When we have two options, the introduction of a third option (the decoy) changes our preference for one of the options dramatically. Decoys make choosing less overwhelming by taking away the stress of having to choose between two options.
The decoy effect is most effective when there are only three options:
- A target - The target is the offer you want your customer to choose. It's usually the most expensive or profitable and it’s always advantageous.
- A competitor - It’s the option competing with the target. It’s advantageous in some ways and disadvantageous in others.
- A decoy. It’s the option you add to the mix to guide the reader toward the target. Its main purpose is to make other options more attractive. It's not designed to be sold. They make it easier to justify the choice of the target.
The decoy effect is also known as "asymmetric dominance effect." The decoy must be asymmetrically dominated by the target and the competitor, with respect to at least two properties. These properties could be size and price, quantity and price, quality and convenience, storage capacity and price, and so on.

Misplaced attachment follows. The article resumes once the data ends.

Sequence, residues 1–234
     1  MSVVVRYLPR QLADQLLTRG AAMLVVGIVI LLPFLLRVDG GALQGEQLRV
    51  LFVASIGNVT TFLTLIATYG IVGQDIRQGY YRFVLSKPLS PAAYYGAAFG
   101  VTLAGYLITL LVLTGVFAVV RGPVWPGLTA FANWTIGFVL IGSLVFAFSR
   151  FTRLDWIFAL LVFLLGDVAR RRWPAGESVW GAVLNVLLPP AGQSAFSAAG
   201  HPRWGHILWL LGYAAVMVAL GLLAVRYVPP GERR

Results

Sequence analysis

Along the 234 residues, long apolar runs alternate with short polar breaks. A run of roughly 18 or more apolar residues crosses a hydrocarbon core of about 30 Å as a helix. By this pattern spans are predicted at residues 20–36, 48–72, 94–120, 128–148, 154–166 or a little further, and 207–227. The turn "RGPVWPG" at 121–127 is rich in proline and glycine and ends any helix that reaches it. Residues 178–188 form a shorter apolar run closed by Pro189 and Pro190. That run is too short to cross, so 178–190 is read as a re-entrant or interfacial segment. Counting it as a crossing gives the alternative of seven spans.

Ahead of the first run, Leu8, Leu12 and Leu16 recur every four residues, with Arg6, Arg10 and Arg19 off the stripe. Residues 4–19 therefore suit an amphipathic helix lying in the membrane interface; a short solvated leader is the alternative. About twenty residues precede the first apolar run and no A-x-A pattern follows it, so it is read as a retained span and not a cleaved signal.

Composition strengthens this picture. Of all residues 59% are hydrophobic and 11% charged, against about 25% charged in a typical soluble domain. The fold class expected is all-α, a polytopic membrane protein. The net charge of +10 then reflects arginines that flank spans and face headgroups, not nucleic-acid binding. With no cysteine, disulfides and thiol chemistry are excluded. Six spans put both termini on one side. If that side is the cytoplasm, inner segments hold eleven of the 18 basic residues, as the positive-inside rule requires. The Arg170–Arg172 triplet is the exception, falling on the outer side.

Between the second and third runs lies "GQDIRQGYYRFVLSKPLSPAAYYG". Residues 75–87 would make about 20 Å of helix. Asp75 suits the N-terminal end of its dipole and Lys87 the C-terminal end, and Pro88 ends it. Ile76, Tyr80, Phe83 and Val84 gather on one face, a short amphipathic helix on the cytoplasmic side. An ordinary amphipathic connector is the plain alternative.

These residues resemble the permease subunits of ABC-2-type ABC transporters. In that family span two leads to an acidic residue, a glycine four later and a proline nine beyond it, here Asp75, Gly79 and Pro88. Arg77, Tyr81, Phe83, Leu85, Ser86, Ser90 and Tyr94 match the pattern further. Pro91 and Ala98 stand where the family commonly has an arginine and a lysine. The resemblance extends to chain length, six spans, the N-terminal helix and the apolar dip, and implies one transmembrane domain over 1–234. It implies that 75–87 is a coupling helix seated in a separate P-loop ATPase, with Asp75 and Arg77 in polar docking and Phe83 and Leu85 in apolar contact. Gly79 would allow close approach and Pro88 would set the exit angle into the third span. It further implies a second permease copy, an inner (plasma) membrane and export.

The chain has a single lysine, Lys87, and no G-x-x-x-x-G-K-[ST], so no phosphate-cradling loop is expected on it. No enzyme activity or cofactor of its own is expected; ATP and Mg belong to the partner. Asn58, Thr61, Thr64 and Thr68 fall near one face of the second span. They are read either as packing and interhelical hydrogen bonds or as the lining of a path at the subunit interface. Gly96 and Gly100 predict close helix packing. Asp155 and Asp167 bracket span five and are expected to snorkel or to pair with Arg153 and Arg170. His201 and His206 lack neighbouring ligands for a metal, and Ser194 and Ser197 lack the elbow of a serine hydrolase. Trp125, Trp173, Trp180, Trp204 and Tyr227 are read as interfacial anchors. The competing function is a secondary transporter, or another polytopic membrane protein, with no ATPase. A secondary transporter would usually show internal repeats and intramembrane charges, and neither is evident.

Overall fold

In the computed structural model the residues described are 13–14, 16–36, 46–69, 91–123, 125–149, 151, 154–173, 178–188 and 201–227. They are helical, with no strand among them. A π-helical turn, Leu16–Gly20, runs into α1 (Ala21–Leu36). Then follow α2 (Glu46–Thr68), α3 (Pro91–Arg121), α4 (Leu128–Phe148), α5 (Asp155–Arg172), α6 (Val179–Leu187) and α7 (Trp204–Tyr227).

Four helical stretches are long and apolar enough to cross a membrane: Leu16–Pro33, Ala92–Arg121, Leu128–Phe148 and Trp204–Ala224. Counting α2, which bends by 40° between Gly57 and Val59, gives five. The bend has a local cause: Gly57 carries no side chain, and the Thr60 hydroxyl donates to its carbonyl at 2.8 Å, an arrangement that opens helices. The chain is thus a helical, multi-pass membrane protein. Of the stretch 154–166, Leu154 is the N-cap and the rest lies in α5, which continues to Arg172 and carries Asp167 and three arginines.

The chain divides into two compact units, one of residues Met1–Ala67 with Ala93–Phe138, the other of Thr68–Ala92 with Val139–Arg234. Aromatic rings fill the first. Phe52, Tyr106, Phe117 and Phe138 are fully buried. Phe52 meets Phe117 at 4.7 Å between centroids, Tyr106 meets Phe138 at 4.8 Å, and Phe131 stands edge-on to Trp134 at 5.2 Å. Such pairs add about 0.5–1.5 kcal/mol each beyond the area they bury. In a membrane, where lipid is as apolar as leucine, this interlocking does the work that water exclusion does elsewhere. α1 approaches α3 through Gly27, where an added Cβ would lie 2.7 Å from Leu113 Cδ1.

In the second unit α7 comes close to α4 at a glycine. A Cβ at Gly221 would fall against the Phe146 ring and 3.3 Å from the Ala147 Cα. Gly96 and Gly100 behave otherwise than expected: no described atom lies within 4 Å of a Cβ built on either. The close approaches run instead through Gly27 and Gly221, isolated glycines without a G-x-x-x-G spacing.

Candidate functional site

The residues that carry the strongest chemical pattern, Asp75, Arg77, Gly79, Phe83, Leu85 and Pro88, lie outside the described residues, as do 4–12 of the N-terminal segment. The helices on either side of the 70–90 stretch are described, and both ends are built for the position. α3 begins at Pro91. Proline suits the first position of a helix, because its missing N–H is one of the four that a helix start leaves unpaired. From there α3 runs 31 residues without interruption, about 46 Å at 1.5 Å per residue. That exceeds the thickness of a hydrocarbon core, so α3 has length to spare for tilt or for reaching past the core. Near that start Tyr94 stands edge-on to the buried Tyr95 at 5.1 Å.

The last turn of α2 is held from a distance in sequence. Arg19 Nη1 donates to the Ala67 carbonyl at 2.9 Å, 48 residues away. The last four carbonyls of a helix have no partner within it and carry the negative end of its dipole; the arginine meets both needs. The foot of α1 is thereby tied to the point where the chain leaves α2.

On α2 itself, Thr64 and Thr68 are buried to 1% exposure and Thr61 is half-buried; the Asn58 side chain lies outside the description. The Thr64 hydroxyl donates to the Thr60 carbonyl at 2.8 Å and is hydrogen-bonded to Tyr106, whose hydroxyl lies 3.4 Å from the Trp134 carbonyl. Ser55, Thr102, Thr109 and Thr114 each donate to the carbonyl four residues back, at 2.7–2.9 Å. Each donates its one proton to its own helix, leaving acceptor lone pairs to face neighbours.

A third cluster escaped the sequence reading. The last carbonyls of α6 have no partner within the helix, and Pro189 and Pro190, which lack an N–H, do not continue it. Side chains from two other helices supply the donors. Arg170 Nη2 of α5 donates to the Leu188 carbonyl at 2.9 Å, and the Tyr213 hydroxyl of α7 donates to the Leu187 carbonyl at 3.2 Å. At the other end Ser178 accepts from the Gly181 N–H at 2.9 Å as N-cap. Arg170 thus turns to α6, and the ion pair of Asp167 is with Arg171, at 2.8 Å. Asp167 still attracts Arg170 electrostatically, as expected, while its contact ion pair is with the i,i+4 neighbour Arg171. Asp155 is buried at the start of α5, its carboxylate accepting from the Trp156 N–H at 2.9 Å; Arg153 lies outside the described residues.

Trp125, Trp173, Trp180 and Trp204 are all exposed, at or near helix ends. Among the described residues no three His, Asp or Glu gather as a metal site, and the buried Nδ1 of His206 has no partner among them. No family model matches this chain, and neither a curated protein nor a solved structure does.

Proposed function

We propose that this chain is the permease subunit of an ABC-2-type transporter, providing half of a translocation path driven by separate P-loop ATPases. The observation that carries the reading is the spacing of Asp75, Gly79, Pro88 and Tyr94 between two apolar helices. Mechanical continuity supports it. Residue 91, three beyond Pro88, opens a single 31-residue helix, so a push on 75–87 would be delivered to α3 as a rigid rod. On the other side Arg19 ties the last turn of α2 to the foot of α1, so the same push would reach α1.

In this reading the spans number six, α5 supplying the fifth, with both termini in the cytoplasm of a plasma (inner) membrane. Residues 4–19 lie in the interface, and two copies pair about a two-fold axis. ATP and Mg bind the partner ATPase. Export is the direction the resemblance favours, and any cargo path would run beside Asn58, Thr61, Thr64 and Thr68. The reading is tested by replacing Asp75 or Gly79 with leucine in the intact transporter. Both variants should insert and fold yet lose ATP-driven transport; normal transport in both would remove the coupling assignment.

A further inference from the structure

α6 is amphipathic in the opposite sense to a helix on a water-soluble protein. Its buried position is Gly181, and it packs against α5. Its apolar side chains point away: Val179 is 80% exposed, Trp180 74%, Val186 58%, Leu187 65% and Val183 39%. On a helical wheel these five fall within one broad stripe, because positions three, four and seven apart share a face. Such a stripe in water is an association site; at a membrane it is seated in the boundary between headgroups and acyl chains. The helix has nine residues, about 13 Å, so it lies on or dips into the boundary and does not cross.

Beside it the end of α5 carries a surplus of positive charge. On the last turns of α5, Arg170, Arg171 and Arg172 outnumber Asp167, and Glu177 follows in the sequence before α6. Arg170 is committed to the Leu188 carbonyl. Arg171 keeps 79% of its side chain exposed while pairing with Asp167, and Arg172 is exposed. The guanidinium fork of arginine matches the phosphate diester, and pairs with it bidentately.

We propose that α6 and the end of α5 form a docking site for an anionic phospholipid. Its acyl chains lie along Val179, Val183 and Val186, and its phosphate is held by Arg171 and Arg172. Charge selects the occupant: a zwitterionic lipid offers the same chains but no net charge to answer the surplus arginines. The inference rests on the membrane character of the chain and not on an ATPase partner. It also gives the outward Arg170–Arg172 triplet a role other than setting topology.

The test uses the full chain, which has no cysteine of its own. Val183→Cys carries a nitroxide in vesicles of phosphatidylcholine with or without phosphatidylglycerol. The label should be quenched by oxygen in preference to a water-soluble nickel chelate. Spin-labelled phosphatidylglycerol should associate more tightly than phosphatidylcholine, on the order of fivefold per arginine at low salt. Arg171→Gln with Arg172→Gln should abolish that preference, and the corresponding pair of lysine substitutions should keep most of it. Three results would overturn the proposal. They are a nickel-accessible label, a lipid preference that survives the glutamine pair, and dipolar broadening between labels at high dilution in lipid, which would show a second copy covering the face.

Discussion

The decoy effect works best on people who are unfamiliar with the product. To be effective, it must be positioned properly.
When the decoy is very similar to the target but not clearly inferior, it can reduce the preference for the target.
When its inferiority is obvious, it increases the attractiveness of a familiar target. Decoys work better when the information provided is not particularly meaningful.
Where to use it: in your pricing pages.
How to use it
- Select the offer you want your customer to choose (the target).
- Price the decoy close to the target product but make sure it doesn't offer as much value as the target.
- Add a third option different from the target.
Great resources to learn more: